Before fatal crashes were a fact of life, the city took a visible stance against them.

Today, marking traffic deaths is largely a private matter. Family members might erect a small roadside cross or shrine, or local artists might create something like Portland’s haunting ghost bikes.

But once upon a time, in the days before fatal crashes were a common fact of life, at least one American city officially marked each avoidable, automobile-related death. In 1938, with support from the Washington Post’s ”program to aid the fight against wanton killing,” Washington, D.C., city commissioners erected a skull-and-crossbones flag in front of city hall on every day that a fatality was reported. A white flag denoted “deathless days in traffic,” according to the Post.

It doesn’t seem like the flags flew for long, judging from newspaper archives. And it took another 70 years for city governments to make a serious, visible effort at ending traffic deaths, with initiatives like Vision Zero. “But there are eighty years of cultural expectations around street design and driving speed which make it difficult to really design streets for safety,” writes David Alpert at Greater Greater Washington.

H/T: Streetsblog

About the Author

Most Popular

  1. Stuyvesant Town and Peter Cooper Village
    Perspective

    How Low Turnover Fuels New York City’s Affordable Housing Crisis

    American Community Survey data shows that New Yorkers stay in apartments, including rent-regulated ones, for longer than most, leaving little room for newcomers.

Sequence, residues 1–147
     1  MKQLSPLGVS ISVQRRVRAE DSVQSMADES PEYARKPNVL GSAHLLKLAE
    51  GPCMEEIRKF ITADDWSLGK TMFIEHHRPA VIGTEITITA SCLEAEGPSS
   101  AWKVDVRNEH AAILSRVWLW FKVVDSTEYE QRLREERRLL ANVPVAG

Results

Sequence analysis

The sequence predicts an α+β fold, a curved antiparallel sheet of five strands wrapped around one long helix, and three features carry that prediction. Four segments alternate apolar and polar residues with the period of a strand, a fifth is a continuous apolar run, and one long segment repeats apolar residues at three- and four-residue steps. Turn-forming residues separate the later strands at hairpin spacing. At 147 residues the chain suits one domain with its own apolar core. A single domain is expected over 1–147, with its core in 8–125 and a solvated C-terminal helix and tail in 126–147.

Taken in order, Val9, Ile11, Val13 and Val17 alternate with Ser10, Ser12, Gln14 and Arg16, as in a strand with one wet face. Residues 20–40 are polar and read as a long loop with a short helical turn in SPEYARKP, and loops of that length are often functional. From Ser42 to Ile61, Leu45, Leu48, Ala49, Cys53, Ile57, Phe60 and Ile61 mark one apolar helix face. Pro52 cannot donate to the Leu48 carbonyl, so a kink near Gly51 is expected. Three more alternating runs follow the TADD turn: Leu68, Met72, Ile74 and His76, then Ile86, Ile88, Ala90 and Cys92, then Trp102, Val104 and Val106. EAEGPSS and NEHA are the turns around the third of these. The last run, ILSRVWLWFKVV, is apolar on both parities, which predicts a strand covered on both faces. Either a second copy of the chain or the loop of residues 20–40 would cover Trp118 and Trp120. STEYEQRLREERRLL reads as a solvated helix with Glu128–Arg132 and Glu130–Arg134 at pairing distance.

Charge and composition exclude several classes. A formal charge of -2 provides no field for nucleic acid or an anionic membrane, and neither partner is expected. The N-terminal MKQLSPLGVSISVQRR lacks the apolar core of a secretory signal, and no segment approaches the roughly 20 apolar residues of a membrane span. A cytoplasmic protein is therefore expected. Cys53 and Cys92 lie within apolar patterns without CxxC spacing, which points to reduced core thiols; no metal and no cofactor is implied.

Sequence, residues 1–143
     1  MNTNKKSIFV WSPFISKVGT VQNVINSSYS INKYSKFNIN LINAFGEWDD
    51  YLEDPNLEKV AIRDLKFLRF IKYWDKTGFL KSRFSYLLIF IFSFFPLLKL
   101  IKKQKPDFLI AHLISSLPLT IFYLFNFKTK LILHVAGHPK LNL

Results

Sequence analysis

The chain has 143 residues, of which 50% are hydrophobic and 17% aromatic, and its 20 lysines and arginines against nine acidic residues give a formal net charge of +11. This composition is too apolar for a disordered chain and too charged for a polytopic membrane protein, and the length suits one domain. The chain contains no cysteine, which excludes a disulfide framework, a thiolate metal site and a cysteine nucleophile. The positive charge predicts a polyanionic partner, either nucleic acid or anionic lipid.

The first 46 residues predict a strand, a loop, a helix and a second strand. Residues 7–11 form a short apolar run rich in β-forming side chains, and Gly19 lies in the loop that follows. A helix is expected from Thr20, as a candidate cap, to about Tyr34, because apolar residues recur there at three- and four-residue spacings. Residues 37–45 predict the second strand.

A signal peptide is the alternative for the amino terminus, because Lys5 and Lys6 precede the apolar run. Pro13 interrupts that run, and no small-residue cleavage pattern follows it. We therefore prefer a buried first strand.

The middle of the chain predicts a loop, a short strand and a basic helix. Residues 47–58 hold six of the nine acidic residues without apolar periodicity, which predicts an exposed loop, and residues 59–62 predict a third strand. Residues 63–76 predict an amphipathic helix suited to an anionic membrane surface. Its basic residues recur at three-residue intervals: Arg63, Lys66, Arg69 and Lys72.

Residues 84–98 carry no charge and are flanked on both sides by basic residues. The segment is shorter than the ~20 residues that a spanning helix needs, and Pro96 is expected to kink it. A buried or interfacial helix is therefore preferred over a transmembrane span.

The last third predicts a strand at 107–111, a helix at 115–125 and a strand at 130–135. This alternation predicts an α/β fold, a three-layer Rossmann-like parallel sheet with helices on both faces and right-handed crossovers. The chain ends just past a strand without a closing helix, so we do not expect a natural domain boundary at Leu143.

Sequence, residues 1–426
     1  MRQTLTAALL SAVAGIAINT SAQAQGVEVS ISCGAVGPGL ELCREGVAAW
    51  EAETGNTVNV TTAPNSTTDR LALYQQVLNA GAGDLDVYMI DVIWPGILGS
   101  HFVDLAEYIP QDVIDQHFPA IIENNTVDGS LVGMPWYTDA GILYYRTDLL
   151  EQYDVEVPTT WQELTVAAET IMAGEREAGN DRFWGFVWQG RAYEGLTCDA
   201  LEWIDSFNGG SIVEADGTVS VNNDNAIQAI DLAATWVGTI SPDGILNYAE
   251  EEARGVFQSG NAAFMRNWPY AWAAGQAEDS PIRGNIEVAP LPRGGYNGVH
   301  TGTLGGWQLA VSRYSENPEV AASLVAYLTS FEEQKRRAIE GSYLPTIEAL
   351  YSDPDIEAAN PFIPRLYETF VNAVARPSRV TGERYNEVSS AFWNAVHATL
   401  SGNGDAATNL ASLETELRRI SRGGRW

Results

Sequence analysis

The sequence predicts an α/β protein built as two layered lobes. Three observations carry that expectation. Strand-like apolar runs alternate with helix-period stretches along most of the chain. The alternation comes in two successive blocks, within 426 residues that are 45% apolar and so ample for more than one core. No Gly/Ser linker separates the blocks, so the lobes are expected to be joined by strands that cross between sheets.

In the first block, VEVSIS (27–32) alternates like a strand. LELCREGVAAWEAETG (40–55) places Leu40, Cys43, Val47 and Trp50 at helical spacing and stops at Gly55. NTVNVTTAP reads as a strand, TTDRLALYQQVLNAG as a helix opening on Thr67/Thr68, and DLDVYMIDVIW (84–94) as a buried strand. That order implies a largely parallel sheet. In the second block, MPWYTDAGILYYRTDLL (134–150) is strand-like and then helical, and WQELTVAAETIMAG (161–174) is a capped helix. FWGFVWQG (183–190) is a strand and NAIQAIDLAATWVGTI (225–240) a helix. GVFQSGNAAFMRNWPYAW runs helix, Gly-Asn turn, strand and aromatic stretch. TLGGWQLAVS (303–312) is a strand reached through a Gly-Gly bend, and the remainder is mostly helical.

2. A data visualization shows 200 years of immigration to the U.S. represented as a thickening tree trunk.
    Life

    A New Way of Seeing 200 Years of American Immigration

    To depict how waves of immigrants shaped the United States, a team of designers looked to nature as a model.

  3. A photo of a "yellow vest" protester in Paris, where high gas taxes have contributed to a wave of unrest.
    Environment

    What France’s ‘Yellow Vest’ Protests Can Teach California

    A lesson from Paris: Policies that reduce climate emissions at the expense of the economically disadvantaged are unsustainable.

  4. A photo of a post office in the snow.
    Life

    A Prayer for the Post Office

    While USPS workers deliver Christmas gifts, Mark Dimondstein, president of the American Postal Workers’ Union, is busy fending off demands to privatize the mail.

  5. A photo of Andrew Field, the owner of Rockaway Taco, looking out from his store in the Rockaway Beach neighborhood of the Queens borough of New York.
    Life

    Tacos and Transit: Rate Your City

    From taco-rich San Diego to the tortilla wastelands of Boston, we asked you to grade U.S. cities on two critical metrics: Mexican food and public transportation.